The Renault-Nissan Silicon Valley Research Center was opened in 2013 with the particular mission of researching autonomous vehicles and connected cars.

By Mike Davey

Sunnyvale, California -- January 7, 2016 -- Autonomous vehicles (AVs) aren’t as far off as they once seemed. Readers of collisionrepairmag.com know that the technological challenges are rapidly being conquered, but a recent announcement from the Renault-Nissan Alliance isn’t about a new kind of laser detection system or software suite. The global car group has announced it will launch more than 10 vehicles with autonomous capabilities in the next four years.

However, they may not be coming here, at least not quite yet. The announcement from the Renault-Nissan Alliance says the vehicles will be available “... in the United States, Europe, Japan and China through 2020.” Canada isn’t on the list. Collision Repair magazine reached out to Renault-Nissan to confirm this, but they had not responded to our query at the time of publication.

One thing we do know: these will not be luxury vehicles. According to a press release from the company, “the technology will be installed on mainstream, mass-market cars at affordable prices.” Renault-Nissan Alliance Chairman and CEO Carlos Ghosn confirmed that the vehicles would be mass-market during a briefing at the Renault-Nissan Silicon Valley Research Center.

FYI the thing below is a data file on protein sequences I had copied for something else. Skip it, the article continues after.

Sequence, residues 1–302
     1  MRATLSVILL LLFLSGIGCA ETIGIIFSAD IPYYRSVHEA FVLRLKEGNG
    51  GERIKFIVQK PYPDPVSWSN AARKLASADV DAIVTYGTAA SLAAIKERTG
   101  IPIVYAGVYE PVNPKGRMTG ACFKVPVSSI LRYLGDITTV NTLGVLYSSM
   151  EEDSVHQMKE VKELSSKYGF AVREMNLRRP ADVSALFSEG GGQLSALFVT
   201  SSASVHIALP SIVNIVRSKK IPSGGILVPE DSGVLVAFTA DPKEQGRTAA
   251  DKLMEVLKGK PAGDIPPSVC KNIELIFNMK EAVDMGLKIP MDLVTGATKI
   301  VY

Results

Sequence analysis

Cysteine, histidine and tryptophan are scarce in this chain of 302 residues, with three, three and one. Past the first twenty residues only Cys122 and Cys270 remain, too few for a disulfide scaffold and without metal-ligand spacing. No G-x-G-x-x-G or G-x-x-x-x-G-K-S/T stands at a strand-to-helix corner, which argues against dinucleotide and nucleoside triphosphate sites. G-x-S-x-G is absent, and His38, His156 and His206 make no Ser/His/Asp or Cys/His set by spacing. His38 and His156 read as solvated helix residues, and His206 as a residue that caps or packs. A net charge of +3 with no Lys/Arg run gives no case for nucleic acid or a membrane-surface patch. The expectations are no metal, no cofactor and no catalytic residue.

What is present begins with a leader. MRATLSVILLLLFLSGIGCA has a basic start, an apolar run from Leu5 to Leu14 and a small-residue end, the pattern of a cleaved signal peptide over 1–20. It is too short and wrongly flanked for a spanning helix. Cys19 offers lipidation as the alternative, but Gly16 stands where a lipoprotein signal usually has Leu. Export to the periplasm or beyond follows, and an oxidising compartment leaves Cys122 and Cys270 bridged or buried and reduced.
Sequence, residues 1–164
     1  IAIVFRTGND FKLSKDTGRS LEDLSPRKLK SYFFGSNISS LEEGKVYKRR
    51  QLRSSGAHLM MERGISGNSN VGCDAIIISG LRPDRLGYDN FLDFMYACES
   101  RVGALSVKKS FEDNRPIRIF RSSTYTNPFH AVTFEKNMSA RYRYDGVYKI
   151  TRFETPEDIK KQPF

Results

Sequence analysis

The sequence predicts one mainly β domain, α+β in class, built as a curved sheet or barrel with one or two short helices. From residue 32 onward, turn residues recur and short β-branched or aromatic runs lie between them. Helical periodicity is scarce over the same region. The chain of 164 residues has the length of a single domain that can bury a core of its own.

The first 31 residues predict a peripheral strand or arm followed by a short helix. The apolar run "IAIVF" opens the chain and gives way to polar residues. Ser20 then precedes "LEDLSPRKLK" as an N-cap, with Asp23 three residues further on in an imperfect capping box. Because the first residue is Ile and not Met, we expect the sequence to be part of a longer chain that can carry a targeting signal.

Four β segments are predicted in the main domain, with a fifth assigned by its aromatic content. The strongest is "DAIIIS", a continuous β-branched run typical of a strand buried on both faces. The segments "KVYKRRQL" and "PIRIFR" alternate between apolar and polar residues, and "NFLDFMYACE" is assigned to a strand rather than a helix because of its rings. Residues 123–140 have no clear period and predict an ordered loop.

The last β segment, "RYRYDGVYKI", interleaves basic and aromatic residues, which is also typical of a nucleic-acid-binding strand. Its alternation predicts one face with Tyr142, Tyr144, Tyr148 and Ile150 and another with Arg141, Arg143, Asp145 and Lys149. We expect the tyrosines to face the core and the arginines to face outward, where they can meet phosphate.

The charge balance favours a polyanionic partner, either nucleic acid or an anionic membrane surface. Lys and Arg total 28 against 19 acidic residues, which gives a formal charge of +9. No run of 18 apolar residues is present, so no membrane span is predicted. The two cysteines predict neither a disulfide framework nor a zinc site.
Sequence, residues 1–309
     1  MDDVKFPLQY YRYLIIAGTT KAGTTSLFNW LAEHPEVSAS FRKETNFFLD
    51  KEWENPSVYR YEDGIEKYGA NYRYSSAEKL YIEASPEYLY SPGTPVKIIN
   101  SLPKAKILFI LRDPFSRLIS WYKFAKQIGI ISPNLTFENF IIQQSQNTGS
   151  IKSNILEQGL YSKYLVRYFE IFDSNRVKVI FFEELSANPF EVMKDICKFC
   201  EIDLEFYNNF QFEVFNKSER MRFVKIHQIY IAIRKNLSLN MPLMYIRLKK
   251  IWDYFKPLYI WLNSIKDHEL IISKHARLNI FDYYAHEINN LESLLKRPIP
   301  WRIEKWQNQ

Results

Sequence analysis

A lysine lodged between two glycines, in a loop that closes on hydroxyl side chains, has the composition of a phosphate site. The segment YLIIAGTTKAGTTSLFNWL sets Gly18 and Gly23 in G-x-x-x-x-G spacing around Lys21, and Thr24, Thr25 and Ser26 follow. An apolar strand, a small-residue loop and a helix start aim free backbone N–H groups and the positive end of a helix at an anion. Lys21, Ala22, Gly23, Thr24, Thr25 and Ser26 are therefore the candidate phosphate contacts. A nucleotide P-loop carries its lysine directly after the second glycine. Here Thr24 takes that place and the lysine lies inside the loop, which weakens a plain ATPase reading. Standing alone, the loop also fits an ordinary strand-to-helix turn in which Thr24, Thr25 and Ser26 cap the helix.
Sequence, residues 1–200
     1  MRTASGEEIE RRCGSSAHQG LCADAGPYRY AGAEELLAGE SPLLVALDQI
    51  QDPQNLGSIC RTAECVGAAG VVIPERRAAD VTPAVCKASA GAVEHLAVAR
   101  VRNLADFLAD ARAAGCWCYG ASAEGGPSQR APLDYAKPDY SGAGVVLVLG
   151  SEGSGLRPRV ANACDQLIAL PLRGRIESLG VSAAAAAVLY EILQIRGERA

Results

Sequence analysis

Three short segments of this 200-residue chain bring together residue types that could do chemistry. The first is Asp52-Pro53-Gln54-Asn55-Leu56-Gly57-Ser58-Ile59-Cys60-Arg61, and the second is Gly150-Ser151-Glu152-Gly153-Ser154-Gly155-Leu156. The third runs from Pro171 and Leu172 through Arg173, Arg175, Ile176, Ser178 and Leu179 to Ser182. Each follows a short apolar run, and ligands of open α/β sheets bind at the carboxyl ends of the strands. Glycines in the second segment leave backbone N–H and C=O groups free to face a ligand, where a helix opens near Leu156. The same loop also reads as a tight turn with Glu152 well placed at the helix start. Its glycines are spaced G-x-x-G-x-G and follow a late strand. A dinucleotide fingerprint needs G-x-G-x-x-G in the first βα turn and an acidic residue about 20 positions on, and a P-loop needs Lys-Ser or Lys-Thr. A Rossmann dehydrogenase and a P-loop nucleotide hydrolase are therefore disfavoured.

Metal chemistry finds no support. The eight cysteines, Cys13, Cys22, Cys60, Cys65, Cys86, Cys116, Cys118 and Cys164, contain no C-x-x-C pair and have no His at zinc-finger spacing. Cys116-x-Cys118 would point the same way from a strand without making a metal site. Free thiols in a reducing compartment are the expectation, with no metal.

“Renault-Nissan Alliance is deeply committed to the twin goals of ‘zero emissions and zero fatalities,’” said Ghosn. “That’s why we are developing autonomous driving and connectivity for mass-market, mainstream vehicles on three continents.”

If you believe in the saying “putting your money where your mouth is,” then it’s absolutely certain that Renault-Nissan is committed to this. The Alliance has an annual research and development budget of about $7 billion CAD, with four research centres and numerous engineering centres around the world. The Renault-Nissan Silicon Valley Research Center was officially opened in 2013 to specialize in autonomous vehicles and connected cars. It looks like that investment in research is paying off. 

Further showing the organization’s commitment, the Renault-Nissan Alliance also announced the hiring of tech executive Ogi Redzic to lead the group’s connected car initiative as Senior VP, Connected Vehicles and Mobility Services. Redzic joins Renault-Nissan after positions at Nokia, NAVTEQ, Motorola, and at wireless communication startup cyberPIXIE. He most recently served as Senior Vice President, Automotive at Nokia HERE, where he led the Automotive Business Group.

 

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